Reality, Soul and
the Worlds of God
III. The Reality of the Soul – Understanding Your True Self
D. How Spirit Manifests
6. The Animal Spirit: The Faculties of the Senses and Memory
[from the talks of ‘Abdu’l-Bahá:]
….let us take the power of memory. If you carry a pigeon from here to a distant country, and there set it free, it will return, for it remembers the way. Take a dog from here to the center of Asia, set him free, and he will come back here and never once lose the road. So it is with the other powers such as hearing, sight, smell, taste and touch.
(‘Abdu’l-Bahá: Some Answered Questions, Chapter 48: “The Difference Existing between Man and Animal”, p. 187)
The animal spirit is the power of all the senses, which is
realized from the composition and mingling of elements; when this
composition decomposes, the power also perishes and becomes
annihilated. It may be likened to this lamp: when the oil, wick and
fire are combined, it is lighted; and when this combination is
dissolved—that is to say, when the combined parts are separated from
one another—the lamp also is extinguished.
(‘Abdu’l-Bahá: Some Answered Questions, Chapter 55: “Soul, Spirit and Mind”, p. 208)
[from the talks of ‘Abdu’l-Bahá (no authority):]
Like the animal, man possesses the faculties of the senses, is subject to heat, cold, hunger, thirst, etc….
….man, being the culmination of all that went before and thus superior to all previous evolutions, contains all the lower world within himself.
(‘Abdu’l-Bahá: Paris Talks, “Concerning Body, Soul and Spirit, 4 Avenue de Camoens, Paris, Friday morning, November 17th”, pp. 96-97)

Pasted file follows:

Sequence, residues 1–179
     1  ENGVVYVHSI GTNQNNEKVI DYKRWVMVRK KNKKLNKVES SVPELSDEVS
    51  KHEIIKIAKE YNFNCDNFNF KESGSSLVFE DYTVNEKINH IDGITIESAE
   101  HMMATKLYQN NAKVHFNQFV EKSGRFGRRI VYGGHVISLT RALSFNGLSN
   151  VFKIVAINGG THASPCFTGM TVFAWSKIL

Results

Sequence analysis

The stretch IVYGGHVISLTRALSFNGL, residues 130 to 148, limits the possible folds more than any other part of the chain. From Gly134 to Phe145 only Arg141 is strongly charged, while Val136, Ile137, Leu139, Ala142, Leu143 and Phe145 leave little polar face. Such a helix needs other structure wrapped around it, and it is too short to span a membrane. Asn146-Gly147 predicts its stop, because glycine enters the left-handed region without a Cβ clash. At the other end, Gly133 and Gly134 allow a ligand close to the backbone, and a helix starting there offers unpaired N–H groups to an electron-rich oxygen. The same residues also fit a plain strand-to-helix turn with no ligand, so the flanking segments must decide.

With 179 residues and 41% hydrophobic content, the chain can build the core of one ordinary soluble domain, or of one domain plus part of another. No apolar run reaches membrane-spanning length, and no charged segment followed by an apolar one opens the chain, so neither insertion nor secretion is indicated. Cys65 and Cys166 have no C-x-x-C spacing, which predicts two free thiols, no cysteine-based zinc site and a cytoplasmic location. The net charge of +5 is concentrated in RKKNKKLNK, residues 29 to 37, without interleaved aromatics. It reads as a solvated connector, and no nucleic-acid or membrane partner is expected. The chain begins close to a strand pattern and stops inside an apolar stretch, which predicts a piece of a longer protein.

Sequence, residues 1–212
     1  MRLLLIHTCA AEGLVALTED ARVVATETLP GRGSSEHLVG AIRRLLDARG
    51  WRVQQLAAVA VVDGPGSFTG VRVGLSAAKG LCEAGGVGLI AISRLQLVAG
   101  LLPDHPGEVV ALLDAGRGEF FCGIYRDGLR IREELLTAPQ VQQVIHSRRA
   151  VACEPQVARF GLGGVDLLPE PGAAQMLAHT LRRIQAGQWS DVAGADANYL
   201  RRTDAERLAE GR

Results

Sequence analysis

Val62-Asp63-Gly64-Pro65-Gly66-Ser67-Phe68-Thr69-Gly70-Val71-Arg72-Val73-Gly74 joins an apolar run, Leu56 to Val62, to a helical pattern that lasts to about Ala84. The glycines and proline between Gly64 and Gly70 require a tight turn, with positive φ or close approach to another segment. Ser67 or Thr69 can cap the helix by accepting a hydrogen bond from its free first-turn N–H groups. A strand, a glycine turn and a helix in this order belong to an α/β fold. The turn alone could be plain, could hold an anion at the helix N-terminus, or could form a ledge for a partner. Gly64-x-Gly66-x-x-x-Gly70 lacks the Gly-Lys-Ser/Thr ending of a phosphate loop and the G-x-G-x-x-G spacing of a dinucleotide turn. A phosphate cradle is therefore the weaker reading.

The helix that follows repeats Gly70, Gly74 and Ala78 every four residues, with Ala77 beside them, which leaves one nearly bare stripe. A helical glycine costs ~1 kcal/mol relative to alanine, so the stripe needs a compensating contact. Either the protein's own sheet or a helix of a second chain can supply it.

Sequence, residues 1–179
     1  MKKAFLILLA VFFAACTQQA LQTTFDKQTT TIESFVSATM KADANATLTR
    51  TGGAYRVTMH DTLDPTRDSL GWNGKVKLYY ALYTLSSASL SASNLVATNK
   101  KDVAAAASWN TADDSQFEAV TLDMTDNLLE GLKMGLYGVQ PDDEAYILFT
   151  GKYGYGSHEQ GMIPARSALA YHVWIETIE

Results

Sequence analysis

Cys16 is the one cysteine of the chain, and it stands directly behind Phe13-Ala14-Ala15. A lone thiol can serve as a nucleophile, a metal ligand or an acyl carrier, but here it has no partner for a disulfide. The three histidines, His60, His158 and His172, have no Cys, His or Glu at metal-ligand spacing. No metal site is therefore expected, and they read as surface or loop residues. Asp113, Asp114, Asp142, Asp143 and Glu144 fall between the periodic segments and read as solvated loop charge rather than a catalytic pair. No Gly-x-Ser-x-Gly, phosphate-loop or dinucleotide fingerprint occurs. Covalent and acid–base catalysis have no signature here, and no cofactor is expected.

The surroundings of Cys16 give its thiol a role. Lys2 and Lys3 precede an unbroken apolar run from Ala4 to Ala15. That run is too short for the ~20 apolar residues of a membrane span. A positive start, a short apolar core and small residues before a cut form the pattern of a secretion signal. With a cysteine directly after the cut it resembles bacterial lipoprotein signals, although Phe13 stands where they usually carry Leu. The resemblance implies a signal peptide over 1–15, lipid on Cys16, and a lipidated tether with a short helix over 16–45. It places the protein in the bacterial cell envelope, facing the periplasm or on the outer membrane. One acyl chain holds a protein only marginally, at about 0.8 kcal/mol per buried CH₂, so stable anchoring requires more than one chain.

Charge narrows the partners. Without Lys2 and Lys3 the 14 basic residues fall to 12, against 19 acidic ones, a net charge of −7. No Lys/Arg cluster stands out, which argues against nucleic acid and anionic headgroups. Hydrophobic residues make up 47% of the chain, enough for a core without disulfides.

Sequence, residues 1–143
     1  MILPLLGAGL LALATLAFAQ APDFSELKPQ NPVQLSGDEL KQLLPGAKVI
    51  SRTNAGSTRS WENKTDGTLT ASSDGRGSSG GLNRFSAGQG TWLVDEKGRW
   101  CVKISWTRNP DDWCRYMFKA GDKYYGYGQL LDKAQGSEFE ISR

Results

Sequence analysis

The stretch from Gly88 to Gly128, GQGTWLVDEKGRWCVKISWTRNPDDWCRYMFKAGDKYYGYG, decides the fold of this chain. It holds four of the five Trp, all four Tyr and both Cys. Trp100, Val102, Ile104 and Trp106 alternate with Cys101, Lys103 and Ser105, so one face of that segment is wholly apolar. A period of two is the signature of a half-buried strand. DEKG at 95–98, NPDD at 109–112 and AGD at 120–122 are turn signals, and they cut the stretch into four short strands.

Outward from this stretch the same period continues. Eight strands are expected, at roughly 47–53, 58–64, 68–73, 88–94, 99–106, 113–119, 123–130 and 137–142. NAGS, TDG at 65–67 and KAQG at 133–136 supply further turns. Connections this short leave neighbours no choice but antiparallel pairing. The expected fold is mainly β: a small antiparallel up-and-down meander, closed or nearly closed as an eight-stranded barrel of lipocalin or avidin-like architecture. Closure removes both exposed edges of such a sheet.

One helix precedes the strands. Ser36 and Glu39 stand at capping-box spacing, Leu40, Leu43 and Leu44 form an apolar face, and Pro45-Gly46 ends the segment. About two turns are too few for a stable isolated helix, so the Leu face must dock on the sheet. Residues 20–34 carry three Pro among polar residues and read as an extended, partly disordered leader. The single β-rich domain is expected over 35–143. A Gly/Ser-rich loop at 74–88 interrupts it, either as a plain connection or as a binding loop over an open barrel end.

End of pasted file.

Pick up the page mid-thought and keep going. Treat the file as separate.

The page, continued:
If we look with a perceiving eye upon the world of creation, we find that all existing things may be classified as follows: …. third, animal—possessing the attributes of the mineral and vegetable plus the power of sense perception; ….
(‘Abdu’l-Bahá: Promulgation of Universal Peace, “19 April 1912, Talk at Earl Hall, Columbia University, New York, From Stenographic Notes”, p. 29)
The animal possesses no power of ideation or conscious intelligence; it is a captive of the senses and deprived of that which lies beyond them. It is subject to what the eye sees, the ear hears, the nostrils sense, the taste detects and touch reveals. These sensations are acceptable and sufficient for the animal. But that which is beyond the range of the senses, that realm of phenomena through which the conscious pathway to the Kingdom of God leads, the world of spiritual susceptibilities and divine religion—of these the animal is completely unaware, for in its highest station it is a captive of nature.
(‘Abdu’l-Bahá: Promulgation of Universal Peace, “9 June 1912, Talk at Baptist Temple, Broad and Berks Streets, Philadelphia, Pennsylvania, Notes by Edna McKinney”, p. 177)
The animal kingdom in turn possesses the qualities of the mineral and vegetable plus the five senses of perception whereof the kingdoms below it are lacking. Likewise, the power of memory inherent in the animal does not exist in the lower kingdoms.
(‘Abdu’l-Bahá: Promulgation of Universal Peace, “24 July 1912, Talk to Theosophical Society, The Kensington, Exeter and Boylston Streets, Boston, Massachusetts, Notes by Edna McKinney”, p. 240)